Droid Scan (beta): With this app you just take a photograph of a document and it turns it into a very easily legible scan. You might quite reasonably ask how that differs from simply taking a picture, but it does give a clever explanation and, well, it works. Great for those who fancy themselves as a bit of a spy, but actually very handy if you’re collecting documents and the sort of thing a reporter will always need. Suddenly you don’t need to take peoples’ precious documents away. Brilliant.
GDocs: I’m not quite sure why a Google docs app isn’t standard on the HTC Hero, but this does the job well and has a nice clear presentation of your docs and simple access.
Mobile GA: This allows you to check Google Analytics. I must confess, I don’t really use this. But if you really must check your stats on the move then this is the app for you!
WPtogo: Allows you to post and edit WordPress from your phone. It’s relatively easy to use and probably a lifesaver if you are like me and have horrible panicky moments when you realise that you’ve managed to misspell someone’s name. I’m going to give the posting on the move a try soon and report back on how easy it is to use.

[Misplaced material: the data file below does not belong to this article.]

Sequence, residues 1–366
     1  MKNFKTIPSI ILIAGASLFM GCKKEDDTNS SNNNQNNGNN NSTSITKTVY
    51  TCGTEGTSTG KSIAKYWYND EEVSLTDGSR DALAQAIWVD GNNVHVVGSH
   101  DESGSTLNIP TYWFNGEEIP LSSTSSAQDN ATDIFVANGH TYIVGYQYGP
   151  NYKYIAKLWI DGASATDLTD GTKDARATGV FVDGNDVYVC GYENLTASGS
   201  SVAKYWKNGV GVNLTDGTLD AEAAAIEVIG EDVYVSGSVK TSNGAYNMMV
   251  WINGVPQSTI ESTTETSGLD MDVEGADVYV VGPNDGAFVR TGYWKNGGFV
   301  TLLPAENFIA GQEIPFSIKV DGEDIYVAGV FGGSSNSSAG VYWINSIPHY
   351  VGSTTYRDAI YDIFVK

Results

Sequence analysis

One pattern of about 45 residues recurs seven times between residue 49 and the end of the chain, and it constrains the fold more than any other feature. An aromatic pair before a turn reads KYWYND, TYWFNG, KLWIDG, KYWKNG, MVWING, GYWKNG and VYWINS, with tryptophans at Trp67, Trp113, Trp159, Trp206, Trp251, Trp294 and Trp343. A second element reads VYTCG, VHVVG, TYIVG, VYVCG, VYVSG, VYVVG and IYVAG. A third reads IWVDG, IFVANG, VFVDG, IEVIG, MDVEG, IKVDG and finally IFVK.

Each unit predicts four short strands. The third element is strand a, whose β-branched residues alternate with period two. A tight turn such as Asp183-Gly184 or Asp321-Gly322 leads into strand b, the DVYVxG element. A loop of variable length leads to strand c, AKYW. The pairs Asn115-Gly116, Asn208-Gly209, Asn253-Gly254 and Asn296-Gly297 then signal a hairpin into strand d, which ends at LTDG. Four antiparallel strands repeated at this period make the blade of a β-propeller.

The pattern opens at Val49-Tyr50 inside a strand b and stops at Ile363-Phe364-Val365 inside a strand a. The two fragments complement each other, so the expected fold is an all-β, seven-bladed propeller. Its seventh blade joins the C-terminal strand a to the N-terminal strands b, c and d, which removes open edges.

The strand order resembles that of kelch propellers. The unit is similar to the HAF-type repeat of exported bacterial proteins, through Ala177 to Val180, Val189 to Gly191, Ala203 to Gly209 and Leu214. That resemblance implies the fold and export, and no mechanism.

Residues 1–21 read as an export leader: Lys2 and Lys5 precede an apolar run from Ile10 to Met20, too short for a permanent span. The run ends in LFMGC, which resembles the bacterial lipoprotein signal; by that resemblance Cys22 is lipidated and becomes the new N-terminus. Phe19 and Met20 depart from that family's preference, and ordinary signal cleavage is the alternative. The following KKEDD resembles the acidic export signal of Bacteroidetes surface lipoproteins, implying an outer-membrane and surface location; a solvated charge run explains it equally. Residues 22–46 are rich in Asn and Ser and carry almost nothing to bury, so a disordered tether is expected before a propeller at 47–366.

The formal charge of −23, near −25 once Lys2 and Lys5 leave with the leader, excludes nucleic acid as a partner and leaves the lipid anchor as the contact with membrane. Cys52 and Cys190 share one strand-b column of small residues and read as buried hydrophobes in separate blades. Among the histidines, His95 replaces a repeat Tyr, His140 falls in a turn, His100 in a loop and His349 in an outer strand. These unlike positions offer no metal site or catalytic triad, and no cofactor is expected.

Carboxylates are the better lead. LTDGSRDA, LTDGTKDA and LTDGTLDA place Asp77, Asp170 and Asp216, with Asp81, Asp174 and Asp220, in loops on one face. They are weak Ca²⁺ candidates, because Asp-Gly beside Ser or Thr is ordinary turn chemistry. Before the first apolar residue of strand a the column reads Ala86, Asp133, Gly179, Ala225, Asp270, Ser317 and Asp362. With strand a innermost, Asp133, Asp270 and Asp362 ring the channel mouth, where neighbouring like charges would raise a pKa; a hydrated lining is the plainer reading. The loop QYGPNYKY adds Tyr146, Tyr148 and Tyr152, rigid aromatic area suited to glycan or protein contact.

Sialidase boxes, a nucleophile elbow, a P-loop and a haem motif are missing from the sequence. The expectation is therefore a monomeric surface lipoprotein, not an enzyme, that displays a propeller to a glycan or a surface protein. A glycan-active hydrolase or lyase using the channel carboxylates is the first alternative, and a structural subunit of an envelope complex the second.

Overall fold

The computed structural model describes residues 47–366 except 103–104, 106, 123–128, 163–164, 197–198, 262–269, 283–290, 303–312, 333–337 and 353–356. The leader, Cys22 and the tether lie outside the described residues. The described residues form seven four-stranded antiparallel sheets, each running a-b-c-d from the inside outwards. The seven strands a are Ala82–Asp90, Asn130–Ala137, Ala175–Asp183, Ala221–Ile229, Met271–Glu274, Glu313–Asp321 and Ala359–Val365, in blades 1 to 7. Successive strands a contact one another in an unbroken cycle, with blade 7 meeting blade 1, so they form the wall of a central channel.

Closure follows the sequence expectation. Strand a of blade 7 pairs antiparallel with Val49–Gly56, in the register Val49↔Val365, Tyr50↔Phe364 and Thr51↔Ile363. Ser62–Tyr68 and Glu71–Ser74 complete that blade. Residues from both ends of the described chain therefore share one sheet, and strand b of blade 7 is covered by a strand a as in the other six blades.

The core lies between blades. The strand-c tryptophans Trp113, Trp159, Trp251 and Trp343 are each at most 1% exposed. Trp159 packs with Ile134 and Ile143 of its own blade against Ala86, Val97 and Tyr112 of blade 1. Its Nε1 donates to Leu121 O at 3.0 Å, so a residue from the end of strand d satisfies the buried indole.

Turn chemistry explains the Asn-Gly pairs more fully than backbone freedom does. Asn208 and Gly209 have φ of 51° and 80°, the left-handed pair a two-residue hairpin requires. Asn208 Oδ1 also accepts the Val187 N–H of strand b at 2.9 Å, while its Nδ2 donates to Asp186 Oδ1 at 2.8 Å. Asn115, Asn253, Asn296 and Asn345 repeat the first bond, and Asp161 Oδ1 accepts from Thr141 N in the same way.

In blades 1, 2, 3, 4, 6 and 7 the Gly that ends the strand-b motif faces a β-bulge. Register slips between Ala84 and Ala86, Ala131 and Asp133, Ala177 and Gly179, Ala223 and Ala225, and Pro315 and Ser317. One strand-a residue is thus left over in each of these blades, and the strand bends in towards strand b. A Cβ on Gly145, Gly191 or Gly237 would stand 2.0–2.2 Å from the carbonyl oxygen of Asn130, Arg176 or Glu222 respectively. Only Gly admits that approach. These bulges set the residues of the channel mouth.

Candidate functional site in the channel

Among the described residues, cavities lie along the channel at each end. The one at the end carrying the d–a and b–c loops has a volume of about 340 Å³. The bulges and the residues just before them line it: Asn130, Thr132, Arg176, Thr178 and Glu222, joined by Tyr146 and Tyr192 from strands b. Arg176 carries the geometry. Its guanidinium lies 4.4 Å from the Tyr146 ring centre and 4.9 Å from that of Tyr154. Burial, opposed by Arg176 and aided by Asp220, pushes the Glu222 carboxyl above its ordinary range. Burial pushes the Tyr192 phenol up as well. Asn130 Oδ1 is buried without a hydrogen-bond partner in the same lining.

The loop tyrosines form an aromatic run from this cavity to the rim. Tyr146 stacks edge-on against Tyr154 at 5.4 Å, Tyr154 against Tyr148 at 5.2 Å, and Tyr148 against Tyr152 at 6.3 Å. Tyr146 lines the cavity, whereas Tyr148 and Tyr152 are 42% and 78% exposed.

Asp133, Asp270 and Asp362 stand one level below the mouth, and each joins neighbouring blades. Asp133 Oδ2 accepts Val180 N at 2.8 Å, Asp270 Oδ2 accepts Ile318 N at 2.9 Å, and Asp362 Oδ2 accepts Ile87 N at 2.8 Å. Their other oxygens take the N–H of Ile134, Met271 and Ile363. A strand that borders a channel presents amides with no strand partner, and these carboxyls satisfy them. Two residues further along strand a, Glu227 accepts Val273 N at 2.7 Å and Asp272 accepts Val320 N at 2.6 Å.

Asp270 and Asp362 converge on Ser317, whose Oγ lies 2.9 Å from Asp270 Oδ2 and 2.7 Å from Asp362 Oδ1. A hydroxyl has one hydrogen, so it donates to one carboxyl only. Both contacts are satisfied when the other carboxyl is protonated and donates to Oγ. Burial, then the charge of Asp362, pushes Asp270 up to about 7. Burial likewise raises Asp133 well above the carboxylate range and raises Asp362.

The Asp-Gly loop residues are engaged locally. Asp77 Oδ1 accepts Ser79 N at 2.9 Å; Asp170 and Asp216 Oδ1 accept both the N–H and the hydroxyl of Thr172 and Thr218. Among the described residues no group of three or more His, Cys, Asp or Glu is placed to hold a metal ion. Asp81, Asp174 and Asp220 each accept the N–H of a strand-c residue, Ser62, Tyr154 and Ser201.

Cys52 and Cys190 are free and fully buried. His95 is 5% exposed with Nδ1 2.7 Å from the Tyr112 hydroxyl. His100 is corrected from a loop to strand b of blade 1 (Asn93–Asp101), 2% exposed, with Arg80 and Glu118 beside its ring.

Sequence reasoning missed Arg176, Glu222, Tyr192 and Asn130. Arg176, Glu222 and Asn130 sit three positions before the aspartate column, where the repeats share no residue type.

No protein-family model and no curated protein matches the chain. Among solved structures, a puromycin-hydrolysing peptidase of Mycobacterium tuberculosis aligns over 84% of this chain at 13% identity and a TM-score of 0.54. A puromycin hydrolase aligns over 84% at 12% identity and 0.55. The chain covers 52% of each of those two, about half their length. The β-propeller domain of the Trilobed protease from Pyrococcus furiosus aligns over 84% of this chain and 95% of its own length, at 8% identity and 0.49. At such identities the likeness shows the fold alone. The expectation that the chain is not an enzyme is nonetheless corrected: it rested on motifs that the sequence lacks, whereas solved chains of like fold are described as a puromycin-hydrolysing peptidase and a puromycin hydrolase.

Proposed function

Twidroid (Twitter app): I’ve been using this since giving up on Peep, which comes as standard with the HTC Hero and looks swish but offers very little functionality. It’s very easy to use, has most of the functions you’ll need and seems to work pretty well. As I point out in the introduction, it’s constantly updated, so hopefully it’ll continue to get better and better.
Qik: A convenient, easy video sharing app (and familiar to many already) that allows you to stream and record from your phone. The video goes to your account page and can be embedded in much the way that a YouTube film is. I’m fast becoming an addict, but so far am using it as a totally clueless amateur. So if, you check out my laughable attempt below, you’ll see anyone can use it (with variable results, ahem).
Photoshop.com Mobile: This allows you to crop, rotate and generally muck around with your photos on the go. It has a handy uploading function, which allows you to share them pretty easily too. It’s fine for basic stuff, but won’t keep professional photographers happy.